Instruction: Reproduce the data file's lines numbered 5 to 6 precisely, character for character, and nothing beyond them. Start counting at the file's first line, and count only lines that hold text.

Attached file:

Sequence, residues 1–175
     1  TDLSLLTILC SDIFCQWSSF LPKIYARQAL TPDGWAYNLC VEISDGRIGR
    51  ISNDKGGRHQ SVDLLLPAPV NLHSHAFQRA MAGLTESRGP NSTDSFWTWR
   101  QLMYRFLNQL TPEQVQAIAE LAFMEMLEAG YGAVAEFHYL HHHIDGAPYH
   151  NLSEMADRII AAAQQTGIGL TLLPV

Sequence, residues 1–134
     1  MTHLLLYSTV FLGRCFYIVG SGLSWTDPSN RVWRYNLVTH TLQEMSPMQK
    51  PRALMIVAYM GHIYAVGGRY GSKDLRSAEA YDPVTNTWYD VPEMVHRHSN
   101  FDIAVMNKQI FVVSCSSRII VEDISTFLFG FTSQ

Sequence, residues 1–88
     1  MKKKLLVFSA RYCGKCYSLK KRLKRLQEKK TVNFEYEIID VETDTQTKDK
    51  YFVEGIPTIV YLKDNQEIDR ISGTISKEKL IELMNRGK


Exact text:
   151  NLSEMADRII AAAQQTGIGL TLLPV

Sequence, residues 1–134